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The impact of training in companies

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The impact of training in companies

Why and how do employees succeed in transferring learned social skills (soft skills) from the training to the workplace?

Type project ESF project call 443 – Training in companies
Project partners UCL, Universiteit Leiden, KU Leuven
Duration January 01, 2018 - December 12, 2020
Contact person Bart Cambré, PhD

With the financial support provided by the European Social Fund.

This study investigated factors and processes driving training transfer effectiveness in Flemish firms. It builds on 50 cases:

  • 15 successful cases in which social skills (leadership and stress management) were transferred;
  • 35 failed cases where training transfer effectiveness has not (yet) been achieved.

In order to better understand the process of training transfer, we took a more in-depth look at four cases where different mechanisms played a key role in transfer effectiveness. Having a clear view on what causes training transfer and how it causes training transfer assisted in designing more effective learning and development policies.

ESF project opleidingen bedrijven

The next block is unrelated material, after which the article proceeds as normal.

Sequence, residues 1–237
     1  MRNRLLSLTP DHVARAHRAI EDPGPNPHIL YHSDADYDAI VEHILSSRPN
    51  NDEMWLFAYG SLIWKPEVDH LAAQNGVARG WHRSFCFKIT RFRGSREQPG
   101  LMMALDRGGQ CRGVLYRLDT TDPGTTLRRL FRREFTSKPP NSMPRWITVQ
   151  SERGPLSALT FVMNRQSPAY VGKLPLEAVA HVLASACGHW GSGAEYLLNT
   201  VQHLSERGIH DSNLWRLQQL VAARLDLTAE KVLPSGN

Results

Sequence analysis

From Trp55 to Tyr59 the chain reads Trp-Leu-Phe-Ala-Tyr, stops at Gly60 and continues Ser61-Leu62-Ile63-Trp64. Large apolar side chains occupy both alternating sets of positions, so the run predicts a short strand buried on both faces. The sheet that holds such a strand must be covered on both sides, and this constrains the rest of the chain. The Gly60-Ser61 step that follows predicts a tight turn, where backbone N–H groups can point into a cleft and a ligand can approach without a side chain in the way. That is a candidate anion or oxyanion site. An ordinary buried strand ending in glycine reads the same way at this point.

During our research, we found that no single condition was required (necessary) for successful training transfer. Rather, several combinations of conditions were sufficient for success, meaning that whenever these pathways were present, the training content was successfully retained and applied to the workplace. We differentiate between causal conditions that could trigger training transfer and contextual conditions that, simply put, allow these transfers to happen. The condition that was most often present in successful training transfer was the contextual condition of training program as an active learning method.

Most important takeaways

  • Understand that ‘mandatory trainings’ are not effective. Organizations need to focus on making the relevance of training visible to employees.
  • Pay attention to the implementation of meetings between peers during and after training.
  • Transferability of training depends on what the organization offers to make it possible.

In this study we applied a multi method design. We used qualitative comparative analysis (QCA) to analyze the cases and determine which (combination of) factors are associated with the outcome. QCA is a suitable and innovative comparative method, which allows for complexity of causality. This means, for instance, that numerous pathways can lead to the same outcome, as has been found in our research.

We also used process-tracing methods to study the causal mechanisms that link the conditions or factors and the outcome in a productive manner.

Download the final report

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Bart cambre

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Function Associate dean of Research and Valorization, professor of business research methods and organizational networks
Bart cambre

A question about this project?